ML: One of the biggest things is he wanted everybody to be ready to play when the opportunity came. He uses his bench so well. He’s real personable with his players, has an open-door policy, is a family guy, and is just a great person. He’s stern on the fundamentals, being on-time, and being a professional. But he also just lets you play the game. The most important thing that I learned from Gardy was that he used all 25 of his players in order for us to win a championship and everyone felt like they had a big part in it. That’s the one part I’d like to take from him. He uses everybody and you need everybody to win a championship and that’s the biggest thing he expressed to me.
You went from a first round pick of the Twins to a self-described grinder. What kind of expectations were there being a first-rounder?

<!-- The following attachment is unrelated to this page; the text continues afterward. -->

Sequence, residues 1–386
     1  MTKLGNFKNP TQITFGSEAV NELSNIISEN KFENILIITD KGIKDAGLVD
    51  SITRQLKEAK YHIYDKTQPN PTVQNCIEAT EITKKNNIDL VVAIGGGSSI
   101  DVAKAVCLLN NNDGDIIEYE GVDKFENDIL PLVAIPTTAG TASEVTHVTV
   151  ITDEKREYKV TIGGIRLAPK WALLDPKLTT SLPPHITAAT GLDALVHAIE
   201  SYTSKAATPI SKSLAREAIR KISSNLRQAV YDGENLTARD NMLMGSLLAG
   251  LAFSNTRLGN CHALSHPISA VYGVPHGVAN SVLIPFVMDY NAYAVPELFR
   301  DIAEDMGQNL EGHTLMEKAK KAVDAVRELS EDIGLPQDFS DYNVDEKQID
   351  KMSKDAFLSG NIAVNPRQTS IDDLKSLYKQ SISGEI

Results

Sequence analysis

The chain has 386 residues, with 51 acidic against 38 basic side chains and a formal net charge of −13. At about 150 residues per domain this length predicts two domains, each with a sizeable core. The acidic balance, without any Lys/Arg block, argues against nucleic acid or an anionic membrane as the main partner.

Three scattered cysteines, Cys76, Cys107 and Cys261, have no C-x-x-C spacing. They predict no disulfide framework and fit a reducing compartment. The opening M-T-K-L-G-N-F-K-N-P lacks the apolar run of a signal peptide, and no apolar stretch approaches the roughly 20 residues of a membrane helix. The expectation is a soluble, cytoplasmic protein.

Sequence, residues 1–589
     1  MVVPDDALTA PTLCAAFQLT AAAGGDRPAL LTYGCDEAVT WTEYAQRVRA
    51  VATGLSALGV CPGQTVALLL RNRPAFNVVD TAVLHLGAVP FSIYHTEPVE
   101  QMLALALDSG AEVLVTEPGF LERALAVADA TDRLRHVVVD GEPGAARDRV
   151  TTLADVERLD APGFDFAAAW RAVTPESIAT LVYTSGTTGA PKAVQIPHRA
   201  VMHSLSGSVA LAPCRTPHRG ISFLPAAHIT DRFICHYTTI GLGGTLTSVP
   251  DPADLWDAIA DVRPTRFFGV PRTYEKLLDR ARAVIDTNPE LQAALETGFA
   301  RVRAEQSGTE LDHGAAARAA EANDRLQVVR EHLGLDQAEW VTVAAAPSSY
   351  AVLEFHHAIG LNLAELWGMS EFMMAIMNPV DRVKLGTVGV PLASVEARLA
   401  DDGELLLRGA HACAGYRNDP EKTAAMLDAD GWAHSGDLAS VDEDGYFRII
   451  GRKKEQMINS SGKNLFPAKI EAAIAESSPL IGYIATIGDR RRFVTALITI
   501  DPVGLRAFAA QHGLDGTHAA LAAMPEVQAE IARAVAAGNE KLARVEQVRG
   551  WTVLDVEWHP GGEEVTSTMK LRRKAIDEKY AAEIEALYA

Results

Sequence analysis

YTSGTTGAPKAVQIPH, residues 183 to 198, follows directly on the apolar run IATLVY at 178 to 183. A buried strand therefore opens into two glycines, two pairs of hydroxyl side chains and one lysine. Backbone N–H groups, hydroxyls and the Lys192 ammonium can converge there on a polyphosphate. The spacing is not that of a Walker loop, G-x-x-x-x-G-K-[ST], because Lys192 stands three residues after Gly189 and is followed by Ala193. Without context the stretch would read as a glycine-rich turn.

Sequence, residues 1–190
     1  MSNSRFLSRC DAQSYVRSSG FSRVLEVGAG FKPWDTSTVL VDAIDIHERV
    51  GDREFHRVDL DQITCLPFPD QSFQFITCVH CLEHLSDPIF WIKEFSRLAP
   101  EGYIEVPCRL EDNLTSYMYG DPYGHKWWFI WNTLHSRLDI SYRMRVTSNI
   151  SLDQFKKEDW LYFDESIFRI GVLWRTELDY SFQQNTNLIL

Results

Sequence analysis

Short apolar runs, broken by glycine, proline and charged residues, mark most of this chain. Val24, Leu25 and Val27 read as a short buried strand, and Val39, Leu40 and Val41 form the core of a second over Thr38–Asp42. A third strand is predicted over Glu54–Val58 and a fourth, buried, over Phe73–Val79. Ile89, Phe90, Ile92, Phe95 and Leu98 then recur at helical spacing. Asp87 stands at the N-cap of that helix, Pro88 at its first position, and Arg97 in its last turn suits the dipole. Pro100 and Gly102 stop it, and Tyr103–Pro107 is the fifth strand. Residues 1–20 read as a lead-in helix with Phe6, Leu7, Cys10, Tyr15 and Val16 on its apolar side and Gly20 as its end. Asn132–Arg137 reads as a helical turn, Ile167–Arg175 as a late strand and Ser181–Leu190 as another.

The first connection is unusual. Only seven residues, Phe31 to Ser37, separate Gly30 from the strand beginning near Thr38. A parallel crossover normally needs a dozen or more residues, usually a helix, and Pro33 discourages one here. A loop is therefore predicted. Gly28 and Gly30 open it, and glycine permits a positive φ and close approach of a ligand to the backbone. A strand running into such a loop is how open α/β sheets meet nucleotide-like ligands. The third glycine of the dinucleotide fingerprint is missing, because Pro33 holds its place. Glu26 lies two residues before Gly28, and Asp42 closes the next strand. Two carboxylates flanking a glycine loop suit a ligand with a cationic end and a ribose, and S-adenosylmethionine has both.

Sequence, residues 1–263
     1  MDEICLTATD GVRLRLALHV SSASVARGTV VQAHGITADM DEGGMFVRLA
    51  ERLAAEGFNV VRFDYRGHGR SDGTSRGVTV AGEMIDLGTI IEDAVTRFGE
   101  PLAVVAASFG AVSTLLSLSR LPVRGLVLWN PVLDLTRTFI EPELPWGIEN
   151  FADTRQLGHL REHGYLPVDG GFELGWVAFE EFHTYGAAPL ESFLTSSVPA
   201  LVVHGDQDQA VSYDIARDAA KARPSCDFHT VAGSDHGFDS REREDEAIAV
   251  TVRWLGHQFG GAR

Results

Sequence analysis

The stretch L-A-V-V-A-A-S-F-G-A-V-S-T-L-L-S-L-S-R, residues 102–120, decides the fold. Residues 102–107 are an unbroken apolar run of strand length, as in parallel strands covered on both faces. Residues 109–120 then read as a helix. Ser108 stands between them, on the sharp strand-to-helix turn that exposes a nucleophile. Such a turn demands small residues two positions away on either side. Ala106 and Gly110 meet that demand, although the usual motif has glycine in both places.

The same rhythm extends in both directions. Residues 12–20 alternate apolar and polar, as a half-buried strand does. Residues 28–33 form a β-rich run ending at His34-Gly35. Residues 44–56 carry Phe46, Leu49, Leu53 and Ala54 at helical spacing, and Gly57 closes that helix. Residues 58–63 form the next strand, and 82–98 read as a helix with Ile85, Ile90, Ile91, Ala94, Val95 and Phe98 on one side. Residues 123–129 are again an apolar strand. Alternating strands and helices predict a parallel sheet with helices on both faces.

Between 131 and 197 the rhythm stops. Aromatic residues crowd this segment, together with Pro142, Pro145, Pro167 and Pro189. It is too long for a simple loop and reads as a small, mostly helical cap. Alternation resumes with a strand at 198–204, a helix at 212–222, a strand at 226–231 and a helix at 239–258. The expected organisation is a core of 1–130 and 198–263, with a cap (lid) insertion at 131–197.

ML: Being a first-round pick you obviously have expectations and the added pressure of making it to the big leagues, but I never felt that because Minnesota treated me just like everyone else. There was no preferential treatment because I was a first-round pick. I did get the majority of playing time, but I also deserved that because of how well I was playing. I was an offense-minded guy, so on the defensive side they told me from the beginning that if I could catch I would make it to the big leagues a lot quicker. Because of that I had to do extra work every day. Spring training was a grind. During the season in the minor leagues was a work day every day and then playing the games at night. It was all about getting to catch. They just treated me like another guy and I had to put the work in. That’s what pro ball is all about. You have to do your own thing and be ready and prepared to play and I did it every game. And I was fortunate enough to make it up fairly quickly being a college guy. Minnesota gave me the opportunity when they drafted me and they taught me a lot about the game of baseball and gave me the chance to play on some really good teams. I enjoyed every bit of it.
In 1996, you were on the Team USA baseball team that represented our country at the Olympics in Atlanta and took home the bronze medal. What was that whole experience like for you?